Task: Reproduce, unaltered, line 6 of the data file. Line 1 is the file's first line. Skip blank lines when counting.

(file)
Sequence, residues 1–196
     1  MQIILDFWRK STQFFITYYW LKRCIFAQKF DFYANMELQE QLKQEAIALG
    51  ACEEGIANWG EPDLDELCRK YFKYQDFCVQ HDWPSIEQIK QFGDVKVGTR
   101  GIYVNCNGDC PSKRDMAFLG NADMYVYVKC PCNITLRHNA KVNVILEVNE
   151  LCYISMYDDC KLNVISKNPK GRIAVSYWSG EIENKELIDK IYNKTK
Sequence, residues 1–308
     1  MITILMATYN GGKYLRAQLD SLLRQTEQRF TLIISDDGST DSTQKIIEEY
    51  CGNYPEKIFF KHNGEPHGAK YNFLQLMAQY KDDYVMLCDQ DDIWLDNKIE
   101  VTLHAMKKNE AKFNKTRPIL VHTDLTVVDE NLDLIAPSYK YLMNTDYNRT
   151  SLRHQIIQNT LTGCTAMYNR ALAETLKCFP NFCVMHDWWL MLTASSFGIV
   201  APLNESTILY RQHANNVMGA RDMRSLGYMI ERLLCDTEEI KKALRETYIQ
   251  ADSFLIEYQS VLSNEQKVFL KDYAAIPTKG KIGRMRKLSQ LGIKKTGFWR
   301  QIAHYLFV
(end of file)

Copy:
Sequence, residues 1–308